Hives afflict 1 in 5 people, but the exact mechanisms behind the itchy red rashes are not well known.
The research team studied the patterns of hives in patients and reproduced the hive patterns using a mathematical model called a reaction-diffusion model, a common prototype for understanding how patterns develop. The researchers' model is a single equation type which had never before been used to generate complex patterns.
In response to injury, allergens, or stress, hives can form when cells called mast cells in the skin release a compound called histamine. The red swollen mark (also known as wheals) can range from a few millimeters to the size of a hand or even larger.
While research has shown that histamine itself helps mast cells release histamine, this study considers for the first time that certain mechanisms might also inhibit histamine release and that there may be more going on behind the disease than previously thought.
"Our model succeeded in creating complex pattern of urticaria (hives), which is a very surprising result from both mathematical and biological points of views," said lead author and Associate Professor Sungrim Seirin-Lee.
To create the equation, the researchers gave rashes to eight healthy volunteers and measured the time it took for the rash to form and determined the velocity of formation. The team then looked at 14 patients with urticaria and measured them using the same model as the healthy patients.
Rather than relying solely on biological studies to investigate hives, which often requires inducing hives in patients, the mathematical focus provides a new avenue for skin disease research. In the future, the mathematical model could possibly be used as a tool to find the molecules which play a role in the inhibition process, as well.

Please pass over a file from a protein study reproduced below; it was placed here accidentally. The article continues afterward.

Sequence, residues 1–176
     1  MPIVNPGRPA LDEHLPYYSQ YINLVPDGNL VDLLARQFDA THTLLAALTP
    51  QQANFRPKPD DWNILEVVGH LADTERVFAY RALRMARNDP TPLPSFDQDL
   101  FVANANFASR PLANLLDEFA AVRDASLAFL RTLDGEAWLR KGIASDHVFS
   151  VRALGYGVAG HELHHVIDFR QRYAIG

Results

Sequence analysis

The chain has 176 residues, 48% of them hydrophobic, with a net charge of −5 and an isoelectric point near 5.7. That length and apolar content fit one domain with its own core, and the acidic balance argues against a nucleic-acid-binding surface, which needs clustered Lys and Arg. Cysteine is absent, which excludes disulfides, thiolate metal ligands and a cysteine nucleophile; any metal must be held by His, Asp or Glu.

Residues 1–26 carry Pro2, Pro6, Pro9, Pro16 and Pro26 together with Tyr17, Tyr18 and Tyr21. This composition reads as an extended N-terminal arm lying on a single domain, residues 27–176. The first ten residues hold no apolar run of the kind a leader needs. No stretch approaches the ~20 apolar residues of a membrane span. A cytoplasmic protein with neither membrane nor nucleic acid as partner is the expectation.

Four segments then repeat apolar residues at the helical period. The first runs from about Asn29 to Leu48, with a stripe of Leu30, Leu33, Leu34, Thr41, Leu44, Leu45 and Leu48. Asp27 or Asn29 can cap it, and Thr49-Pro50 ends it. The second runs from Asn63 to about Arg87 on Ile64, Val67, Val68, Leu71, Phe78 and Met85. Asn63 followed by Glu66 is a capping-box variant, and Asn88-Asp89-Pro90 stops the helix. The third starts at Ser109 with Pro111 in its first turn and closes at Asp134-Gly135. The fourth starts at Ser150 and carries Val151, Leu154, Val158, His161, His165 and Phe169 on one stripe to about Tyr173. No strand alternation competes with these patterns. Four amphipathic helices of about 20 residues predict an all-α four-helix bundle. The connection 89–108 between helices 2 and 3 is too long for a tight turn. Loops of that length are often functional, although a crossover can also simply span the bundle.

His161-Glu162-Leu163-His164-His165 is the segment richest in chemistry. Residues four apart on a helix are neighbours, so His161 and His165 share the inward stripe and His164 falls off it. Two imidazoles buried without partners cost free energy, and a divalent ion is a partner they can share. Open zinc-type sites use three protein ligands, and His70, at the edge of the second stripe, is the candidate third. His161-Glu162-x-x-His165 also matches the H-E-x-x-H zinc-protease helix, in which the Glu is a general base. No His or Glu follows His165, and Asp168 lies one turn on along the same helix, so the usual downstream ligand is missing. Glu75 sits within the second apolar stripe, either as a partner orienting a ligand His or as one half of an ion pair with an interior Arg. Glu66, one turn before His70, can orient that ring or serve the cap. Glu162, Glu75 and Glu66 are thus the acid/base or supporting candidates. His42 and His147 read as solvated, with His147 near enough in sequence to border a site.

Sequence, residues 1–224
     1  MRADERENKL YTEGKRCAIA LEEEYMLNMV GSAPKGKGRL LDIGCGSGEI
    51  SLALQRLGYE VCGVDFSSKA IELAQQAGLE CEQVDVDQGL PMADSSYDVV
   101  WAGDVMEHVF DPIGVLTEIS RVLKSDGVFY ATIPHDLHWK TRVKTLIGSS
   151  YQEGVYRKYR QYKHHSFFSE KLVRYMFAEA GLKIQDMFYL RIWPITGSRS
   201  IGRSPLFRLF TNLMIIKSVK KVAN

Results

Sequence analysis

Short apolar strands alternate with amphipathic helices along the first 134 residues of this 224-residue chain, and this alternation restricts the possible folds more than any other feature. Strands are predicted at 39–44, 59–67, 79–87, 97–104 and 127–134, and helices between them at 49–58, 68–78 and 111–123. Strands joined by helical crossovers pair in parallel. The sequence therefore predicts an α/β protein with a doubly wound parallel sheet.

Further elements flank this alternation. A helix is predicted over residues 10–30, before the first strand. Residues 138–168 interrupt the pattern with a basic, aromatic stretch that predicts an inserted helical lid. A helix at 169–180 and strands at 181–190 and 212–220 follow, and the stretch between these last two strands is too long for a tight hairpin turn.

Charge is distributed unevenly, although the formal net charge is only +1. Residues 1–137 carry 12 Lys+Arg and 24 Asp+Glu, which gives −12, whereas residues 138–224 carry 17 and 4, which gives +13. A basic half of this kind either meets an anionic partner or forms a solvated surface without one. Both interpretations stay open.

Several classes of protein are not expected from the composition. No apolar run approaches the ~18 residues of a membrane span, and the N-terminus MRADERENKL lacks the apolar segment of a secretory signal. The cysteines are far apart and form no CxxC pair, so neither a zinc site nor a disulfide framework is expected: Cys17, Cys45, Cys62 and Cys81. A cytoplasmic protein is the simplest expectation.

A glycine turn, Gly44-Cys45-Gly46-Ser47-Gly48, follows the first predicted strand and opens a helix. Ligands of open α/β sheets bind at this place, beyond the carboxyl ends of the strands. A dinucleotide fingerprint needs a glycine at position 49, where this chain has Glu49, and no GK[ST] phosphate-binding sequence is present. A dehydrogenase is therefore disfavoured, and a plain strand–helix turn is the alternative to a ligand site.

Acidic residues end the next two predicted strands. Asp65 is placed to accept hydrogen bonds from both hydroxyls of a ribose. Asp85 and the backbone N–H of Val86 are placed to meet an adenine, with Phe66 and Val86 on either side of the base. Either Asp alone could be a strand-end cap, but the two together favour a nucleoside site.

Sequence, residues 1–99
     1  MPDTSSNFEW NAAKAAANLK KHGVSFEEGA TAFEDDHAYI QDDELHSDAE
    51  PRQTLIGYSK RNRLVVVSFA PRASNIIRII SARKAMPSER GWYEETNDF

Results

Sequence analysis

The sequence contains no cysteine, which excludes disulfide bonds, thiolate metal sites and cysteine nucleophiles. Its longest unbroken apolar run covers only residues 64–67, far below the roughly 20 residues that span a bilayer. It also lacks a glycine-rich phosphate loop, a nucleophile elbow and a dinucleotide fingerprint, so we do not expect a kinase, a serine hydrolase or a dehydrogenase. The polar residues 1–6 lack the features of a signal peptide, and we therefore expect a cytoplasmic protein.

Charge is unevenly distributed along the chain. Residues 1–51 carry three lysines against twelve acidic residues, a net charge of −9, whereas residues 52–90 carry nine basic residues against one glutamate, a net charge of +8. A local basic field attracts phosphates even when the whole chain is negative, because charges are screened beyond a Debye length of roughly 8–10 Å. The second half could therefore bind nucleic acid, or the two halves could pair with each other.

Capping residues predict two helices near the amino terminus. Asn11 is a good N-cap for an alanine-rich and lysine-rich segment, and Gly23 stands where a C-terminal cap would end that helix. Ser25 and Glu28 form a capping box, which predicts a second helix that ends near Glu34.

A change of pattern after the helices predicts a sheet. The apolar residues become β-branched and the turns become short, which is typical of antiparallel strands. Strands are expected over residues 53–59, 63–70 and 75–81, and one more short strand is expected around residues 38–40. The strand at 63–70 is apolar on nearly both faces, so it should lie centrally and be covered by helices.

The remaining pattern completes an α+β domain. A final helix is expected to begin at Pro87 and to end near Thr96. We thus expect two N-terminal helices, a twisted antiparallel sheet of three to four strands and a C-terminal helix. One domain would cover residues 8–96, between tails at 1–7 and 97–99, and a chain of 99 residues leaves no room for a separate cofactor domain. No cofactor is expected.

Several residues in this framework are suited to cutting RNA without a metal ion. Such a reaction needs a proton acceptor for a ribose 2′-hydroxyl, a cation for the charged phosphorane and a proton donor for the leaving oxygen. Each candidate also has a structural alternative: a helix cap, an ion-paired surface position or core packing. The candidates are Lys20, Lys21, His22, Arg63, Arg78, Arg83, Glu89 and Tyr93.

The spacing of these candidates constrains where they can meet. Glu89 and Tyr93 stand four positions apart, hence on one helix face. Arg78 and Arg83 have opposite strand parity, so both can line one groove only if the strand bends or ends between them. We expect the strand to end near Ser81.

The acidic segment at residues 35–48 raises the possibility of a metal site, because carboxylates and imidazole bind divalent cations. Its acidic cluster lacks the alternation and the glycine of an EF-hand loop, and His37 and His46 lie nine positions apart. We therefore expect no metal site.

"Finding the mechanism of urticaria is difficult only by biological methods," said Seirin-Lee. "Thus, we tried a completely different approach, mathematics. The approach using mathematical model for urticaria is the first trial in the world."
Ultimately, the findings from the study will help put together a more detailed picture of how the common skin disease develops and how to effectively deliver treatments.
Department of Mathematical and Life Sciences, Graduate School of Integrated Science for Life,
Hiroshima University, Kagamiyama 1-3-1, Higashi-Hiroshima 739-8526, Japan
Tel: +81-82-424-7394 Fax: +81-82-424-7394
Division of Molecular Medical Science,
Department of Dermatology,
Graduate School of Biomedical Sciences,
Hiroshima University, 1-2-3 Kasumi, Minami-ku, Hiroshima 734-8551, Japan
Tel: +81-82-257-5235 Fax: +81-82-257-5239
PLoS Computational Biology